New Zealand farmer uses a barking drone to herd his sheep
Corey Lambeth uses a drone to keep an eye on his livestock — but he still keeps his pooches busy, too
These days, Corey Lambeth spends a lot less time roaming all over his New Zealand farmland, and a lot more time with his family.
That's because the sheep and beef farmer, from near Rotherham on the South Island, uses a camera drone to keep an eye on his land, watch over his livestock, and even herd his animals.
And it helps that his drone — a DJI Mavic Enterprise — can bark.
Lambeth spoke to As It Happens host Carol Off about this latest innovation in farming technology. Here is part of their conversation.
Your drone is a tool you can use for surveying your land and to see what's going on. But how much did it change when you could actually add the bark to your drone?
It goes to a whole new level.
How did you get the bark?
The recordings are from my dogs. So I had to sit them down and tell them to speak up at once, and then I recorded it on my phone and transferred it over to play on the drone, which is quite cool.
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Now, did your dogs know that you were you were recording them and putting them out of work?
No, not at the time. But now when I fly the drone around, they're looking out the truck and it's like, "Oh, I can hear a dog. Where's that dog?"
So they can hear the dogs — themselves — barking. And so they've clued into the fact that they've become redundant, that you've replaced them with a piece of technology.
They're actually learning how to work with the drone, as well.
What do you mean?
Pretty much they'll figure out, "Oh, these barking noises over there, I don't need to go over there. Now I can just sit over in this spot, chase these cows or sheep" — whatever we're moving at the time.
So they figured out that this is ... a piece of technology that they can make use of?
Yeah, they have. They've figured out it makes their job a lot easier as well.
Good dogs. Those are great dogs.
It's a fantastic team we've got.
I've seen the contests of sheep dogs rounding up sheep, and it's just astonishing to watch. I mean, you see it all the time, but when you watch how clever they are, how instinctive they are — I mean, they can almost figure out what the sheep is going to do next and maneuver. Isn't that lost? I mean, the drone can't do that, right?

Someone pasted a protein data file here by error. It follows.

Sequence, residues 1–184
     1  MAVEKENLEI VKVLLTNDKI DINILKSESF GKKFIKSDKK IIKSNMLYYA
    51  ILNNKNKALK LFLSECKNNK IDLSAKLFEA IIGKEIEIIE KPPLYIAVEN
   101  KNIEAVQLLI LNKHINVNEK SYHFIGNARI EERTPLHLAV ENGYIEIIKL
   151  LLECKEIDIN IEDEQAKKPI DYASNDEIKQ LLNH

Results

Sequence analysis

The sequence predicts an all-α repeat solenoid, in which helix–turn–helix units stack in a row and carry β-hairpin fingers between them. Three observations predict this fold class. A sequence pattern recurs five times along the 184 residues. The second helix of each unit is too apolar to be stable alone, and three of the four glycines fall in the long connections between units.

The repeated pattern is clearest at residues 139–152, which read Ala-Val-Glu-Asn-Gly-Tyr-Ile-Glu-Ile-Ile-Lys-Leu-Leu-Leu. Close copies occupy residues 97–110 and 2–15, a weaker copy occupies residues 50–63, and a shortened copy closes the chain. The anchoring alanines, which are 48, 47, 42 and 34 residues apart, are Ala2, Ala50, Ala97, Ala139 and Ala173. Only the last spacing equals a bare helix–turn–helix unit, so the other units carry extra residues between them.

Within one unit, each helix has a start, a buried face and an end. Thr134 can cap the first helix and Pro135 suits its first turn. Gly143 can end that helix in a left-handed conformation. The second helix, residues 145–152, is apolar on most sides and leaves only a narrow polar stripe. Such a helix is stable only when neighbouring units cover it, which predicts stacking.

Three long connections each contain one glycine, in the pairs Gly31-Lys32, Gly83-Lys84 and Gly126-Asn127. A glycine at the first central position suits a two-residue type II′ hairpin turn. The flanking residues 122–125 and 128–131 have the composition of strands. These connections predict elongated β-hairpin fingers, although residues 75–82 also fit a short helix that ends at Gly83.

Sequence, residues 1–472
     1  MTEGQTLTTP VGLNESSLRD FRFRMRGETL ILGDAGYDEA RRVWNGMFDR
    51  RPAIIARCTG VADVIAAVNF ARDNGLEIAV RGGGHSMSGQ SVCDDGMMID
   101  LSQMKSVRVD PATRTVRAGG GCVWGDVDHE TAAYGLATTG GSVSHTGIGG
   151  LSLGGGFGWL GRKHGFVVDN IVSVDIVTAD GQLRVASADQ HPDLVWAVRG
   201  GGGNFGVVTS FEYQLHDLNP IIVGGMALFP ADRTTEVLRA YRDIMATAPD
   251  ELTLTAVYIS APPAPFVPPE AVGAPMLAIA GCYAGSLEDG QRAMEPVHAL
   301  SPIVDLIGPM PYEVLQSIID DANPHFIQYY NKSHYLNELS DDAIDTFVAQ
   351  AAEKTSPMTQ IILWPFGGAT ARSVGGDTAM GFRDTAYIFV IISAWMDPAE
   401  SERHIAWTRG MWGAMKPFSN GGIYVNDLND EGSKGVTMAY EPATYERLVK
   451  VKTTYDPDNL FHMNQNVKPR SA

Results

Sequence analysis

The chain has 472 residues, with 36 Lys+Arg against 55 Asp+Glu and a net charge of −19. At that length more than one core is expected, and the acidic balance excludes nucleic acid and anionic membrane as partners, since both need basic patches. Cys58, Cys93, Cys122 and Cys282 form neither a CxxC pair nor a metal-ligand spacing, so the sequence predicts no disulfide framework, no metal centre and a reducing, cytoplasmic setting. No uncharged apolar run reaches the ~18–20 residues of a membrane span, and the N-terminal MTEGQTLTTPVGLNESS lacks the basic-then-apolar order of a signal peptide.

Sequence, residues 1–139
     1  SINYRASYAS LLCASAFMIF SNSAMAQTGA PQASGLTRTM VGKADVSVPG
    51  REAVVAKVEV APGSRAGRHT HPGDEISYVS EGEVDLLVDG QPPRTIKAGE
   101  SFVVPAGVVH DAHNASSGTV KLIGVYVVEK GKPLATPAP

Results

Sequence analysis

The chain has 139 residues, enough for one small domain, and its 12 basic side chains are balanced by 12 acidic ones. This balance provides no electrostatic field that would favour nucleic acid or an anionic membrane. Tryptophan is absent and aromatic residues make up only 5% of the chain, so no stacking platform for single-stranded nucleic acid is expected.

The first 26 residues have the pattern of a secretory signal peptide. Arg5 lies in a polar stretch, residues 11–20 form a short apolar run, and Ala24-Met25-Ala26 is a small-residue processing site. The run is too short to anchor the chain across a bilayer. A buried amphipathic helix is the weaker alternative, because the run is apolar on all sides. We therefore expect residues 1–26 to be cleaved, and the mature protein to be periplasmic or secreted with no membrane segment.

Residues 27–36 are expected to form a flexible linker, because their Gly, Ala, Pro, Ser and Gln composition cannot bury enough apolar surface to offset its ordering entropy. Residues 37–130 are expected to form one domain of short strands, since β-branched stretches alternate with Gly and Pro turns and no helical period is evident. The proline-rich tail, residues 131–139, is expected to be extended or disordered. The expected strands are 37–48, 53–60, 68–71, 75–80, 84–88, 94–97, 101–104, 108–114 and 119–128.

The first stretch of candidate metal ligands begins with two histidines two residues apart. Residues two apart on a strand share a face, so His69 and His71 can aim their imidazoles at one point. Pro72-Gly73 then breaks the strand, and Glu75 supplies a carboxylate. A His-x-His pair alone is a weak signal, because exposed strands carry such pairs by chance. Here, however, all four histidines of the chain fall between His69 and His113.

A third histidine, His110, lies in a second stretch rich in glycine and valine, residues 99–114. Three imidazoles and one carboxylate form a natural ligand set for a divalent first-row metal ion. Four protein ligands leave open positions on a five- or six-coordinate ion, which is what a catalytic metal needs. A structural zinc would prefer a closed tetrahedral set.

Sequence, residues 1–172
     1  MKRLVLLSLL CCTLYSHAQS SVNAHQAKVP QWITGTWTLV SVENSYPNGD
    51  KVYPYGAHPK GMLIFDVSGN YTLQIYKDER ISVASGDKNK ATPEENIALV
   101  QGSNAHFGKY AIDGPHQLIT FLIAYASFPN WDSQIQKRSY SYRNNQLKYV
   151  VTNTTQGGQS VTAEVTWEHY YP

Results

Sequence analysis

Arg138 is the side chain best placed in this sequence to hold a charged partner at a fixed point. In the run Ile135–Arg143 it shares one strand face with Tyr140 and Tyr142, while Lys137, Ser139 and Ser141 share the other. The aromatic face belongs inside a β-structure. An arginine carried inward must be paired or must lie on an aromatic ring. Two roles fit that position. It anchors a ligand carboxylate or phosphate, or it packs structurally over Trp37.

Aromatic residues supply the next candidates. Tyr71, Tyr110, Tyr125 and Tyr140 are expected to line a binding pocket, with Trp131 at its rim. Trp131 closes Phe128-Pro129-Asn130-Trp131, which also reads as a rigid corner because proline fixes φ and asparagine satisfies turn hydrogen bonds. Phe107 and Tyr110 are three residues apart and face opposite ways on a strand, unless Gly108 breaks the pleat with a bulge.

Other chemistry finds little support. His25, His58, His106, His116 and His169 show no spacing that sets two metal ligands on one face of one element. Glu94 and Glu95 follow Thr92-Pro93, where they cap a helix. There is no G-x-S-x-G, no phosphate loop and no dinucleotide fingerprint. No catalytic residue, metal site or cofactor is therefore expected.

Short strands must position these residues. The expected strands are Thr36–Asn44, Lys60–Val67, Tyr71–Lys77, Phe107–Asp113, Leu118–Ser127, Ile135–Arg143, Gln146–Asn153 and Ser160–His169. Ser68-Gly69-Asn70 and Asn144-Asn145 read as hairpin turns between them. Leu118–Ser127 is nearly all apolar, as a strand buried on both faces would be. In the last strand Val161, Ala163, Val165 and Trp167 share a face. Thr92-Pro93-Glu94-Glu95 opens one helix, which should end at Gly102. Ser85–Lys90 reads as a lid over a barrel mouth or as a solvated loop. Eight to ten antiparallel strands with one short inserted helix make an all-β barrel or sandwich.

Well, it still comes down to the pilots. Since I've been sitting in the hills, just watching how the stock move and react to dogs, I've incorporated that into using the drone.
I can't get it 100 per cent right like the dogs get it. But, yeah, that makes me think on my toes quite a bit more.
But you can't possibly replace those dogs and how clever they are.
No, no. Not at all.
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How has it changed your work? I mean, do you have to actually go out? Can you just sit in your living room and round up your cattle?
The drones cannot open gates yet, so I still have to go out there. But it's made my work a lot easier.
If I'm working with dogs on one side of the hill, I can get the drones flying on the other side ... which has increased my time to relax at home with my family.
What about on rainy days and cloudy, overcast days? Does the drone work as effectively?
On real wet and windy days, the old drone has to sit at home.
So have the dogs figured out it's only on the worst days they have to go out there?
Yeah, which I think they kind of resent me for making them work on a cold day.
They're saying, "Where's that drone?"
Yeah, they're saying, "Why do I have to go out there today?"
But now, do you think this is going to take on in other places? Do you think that you'll see other farmers go the drone direction?
Yes, I reckon it's got to be a valuable tool for the tool belt.
It makes things a lot more efficient when you need to actually just go and check on your stocks' well-being during, like, lambing or calving.
And when they are lambing or something like that, are they worried about the drone, given that it casts a shadow, it makes a noise? Does that disturb them at all?
The one good thing about the Mavic Enterprise: it's actually pretty quiet and you can actually fly above them and then you use the zoom in the camera.
So you're actually not disturbing them at all. They just go about their day, which is quite ideal compared to driving through the paddock with all my dogs on the back of the truck.
Written by Sheena Goodyear. Interview produced by Ashley Mak. Q&A has been edited for length and clarity.